Showing: 1-10 results of 5800

The founding editor of The Wall Street Journal’s sports section profiles the greatest teams in history and identifies the counterintuitive leadership qualities of the unconventional men and women who drove them to succeed. The secret to winning is not what you think it is. It’s not the coach. It’s not the star. It’s not money. It’s not a strategy. It’s something else entirely. Several years ago, Sam Walker set out to answer one... more...

High-Intensity Interval Training is a new workout trend that involves short, intense bursts of exercise, followed by periods of lower-intensity exercise or rest. In turn, the body burns more calories in a shorter period of time than traditional exercise routines. Idiot's Guides: High-Intensity Interval Training is a full-color, step-by-step guide that is packed with over 80 exercises, structured routines, and intense programs that can be done anywhere,... more...

In this book, renowned mountaineer Alan Hinkes relates his experiences of climbing the highest mountains known to man; the success and failures, the expeditions and partners; the beauty, harshness and danger of Earth's loftiest environs. The first British climber to reach all 14 of the world's peaks over 8000m, and the 15th person ever to do so, his 2005 summit of Kangchenjunga was the crowning achievement of an 18-year journey - joining the elite few... more...

Published to coincide with the centenary of the first expeditions to reach the South Pole, An Empire of Ice presents a fascinating new take on Antarctic exploration. Retold with added information, it's the first book to place the famed voyages of Norwegian explorer Roald Amundsen, his British rivals Robert Scott and Ernest Shackleton, and others in a larger scientific, social, and geopolitical context. Efficient, well prepared, and focused solely on... more...

An easy-to-understand primer on time-tested navigation techniques that work when your GPS fails When disaster strikes and your GPS is useless, ancient navigation techniques will ensure your survival. With this book, you can easily travel through even the farthest, remotest places. Utilizing tips from US Army manuals and lifelong wilderness experts, you’ll learn lifesaving navigation techniques, including how to: • Orient... more...


In The Art of the Japanese Sword, master swordsmith Yoshindo Yoshihara offers a detailed look at the entire process of Japanese sword making, including the finishing and appreciation of Japanese blades. Japanese sword art stands out in many ways: functionality as a weapon, sophisticated metallurgy and metal smithing, the shape of the blade itself—all contribute to the beauty of these remarkable weapons. The Art of the Japanese Sword conveys to the... more...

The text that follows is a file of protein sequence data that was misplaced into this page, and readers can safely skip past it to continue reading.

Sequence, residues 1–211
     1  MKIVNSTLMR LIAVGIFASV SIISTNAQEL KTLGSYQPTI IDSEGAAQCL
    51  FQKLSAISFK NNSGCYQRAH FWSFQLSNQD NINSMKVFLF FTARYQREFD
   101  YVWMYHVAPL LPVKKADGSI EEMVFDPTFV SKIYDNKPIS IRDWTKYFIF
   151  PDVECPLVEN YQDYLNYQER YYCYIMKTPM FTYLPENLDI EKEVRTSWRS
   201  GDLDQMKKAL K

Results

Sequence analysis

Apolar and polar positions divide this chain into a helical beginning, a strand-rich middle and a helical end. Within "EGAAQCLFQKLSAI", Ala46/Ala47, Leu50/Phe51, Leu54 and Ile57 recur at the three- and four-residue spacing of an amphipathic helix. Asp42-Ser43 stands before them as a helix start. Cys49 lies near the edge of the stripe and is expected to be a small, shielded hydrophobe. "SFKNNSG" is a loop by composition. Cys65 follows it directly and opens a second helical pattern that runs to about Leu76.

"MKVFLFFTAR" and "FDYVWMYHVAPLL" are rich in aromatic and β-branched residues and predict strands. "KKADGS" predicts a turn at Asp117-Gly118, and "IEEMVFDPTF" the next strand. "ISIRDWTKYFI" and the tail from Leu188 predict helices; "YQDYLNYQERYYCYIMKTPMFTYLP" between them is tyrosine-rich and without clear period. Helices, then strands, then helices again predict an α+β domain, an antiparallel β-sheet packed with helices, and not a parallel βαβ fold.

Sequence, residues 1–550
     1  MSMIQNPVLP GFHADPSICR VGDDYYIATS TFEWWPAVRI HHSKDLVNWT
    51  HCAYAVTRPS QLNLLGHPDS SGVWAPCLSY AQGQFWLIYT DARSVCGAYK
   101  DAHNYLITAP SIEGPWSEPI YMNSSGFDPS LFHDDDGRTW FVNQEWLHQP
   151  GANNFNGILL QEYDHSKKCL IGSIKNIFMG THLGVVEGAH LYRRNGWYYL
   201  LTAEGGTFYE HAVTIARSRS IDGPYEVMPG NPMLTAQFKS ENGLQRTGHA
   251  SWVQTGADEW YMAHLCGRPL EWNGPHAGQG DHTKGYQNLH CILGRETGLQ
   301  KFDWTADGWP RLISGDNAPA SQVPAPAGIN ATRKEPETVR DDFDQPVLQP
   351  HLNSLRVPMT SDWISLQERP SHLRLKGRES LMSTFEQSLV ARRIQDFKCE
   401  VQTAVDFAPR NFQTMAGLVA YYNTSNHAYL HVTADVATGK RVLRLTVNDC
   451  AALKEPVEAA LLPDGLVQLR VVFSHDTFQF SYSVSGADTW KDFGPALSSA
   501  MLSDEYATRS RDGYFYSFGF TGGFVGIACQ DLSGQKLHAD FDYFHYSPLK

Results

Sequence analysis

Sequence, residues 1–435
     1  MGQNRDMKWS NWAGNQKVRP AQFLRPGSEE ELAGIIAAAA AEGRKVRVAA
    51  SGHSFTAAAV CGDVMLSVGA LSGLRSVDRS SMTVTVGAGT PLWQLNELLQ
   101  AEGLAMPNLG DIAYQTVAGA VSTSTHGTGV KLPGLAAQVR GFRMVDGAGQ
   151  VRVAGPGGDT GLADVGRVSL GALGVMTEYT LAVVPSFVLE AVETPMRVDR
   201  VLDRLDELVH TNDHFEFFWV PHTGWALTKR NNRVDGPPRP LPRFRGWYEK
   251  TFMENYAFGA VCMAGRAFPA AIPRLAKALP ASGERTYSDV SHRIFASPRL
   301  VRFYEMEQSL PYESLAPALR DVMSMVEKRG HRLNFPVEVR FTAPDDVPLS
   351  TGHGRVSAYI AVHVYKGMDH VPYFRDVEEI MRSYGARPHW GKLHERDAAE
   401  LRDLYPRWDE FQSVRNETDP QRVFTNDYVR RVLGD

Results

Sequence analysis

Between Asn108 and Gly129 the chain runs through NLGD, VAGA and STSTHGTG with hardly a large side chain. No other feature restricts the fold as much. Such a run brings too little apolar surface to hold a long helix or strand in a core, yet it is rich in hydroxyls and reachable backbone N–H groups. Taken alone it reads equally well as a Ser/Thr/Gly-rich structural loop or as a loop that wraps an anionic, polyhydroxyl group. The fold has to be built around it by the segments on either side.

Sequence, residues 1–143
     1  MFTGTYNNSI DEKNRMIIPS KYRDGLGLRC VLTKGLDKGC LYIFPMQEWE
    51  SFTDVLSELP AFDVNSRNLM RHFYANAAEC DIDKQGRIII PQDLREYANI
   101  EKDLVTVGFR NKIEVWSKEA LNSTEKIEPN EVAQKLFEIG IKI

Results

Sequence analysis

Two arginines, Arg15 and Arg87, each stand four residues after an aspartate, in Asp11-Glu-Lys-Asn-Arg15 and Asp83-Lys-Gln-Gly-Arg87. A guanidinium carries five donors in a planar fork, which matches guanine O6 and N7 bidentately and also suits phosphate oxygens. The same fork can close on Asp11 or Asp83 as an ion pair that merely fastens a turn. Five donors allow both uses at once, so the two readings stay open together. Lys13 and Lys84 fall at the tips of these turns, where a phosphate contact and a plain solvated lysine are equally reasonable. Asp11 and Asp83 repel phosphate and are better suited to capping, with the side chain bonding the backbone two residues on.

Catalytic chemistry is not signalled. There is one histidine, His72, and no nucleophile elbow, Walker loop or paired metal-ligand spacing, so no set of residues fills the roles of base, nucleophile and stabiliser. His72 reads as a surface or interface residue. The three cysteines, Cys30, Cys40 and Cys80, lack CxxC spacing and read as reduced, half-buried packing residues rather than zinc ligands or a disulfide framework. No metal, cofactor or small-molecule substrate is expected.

'Probably the greatest mountaineer of his day,' claimed Kenneth Mason in his definitive mountaineering history, Abode of Snow. Haversham Godwin-Austen (1834-1923), from an ancient and interesting Surrey aristocratic family with royal connections, not only found the first way to the 'savage mountain', K2, but went on to be the first serious explorer of the Karakoram, Ladakh, Western Tibet, Bhutan, Northern Burma and Assam. He broke the Asiatic... more...

A leadership journey unlike any other. Stretching across 500 miles of northern Spain, the Camino de Santiago has been a pilgrimage route for a millennium. Each year, hundreds of thousands of peregrinos make their way through rugged countryside and medieval towns in order to reflect, test their will, and join a community of strangers on a shared mission. In short, it's the ideal training ground for authentic leadership. Challenged to walk the Camino,... more...

An insightful portrait of Muhammad Ali from the New York Times bestselling author of At the Altar of Speed and The Big Bam. It centers on the cultural and political implications of Ali's refusal of service in the military—and the key moments in a life that was as high profile and transformative as any in the twentieth century. With the death of Muhammad Ali in June, 2016, the media and America in general have remembered a hero, a heavyweight... more...

Baseball, like the rest of the country, changed dramatically when the United States entered World War I, and Jim Leeke brings these changes to life in From the Dugouts to the Trenches. He deftly describes how the war obliterated big league clubs and largely dismantled the Minor Leagues, as many prominent players joined the military and went overseas. By the war’s end more than 1,250 ballplayers, team owners, and... more...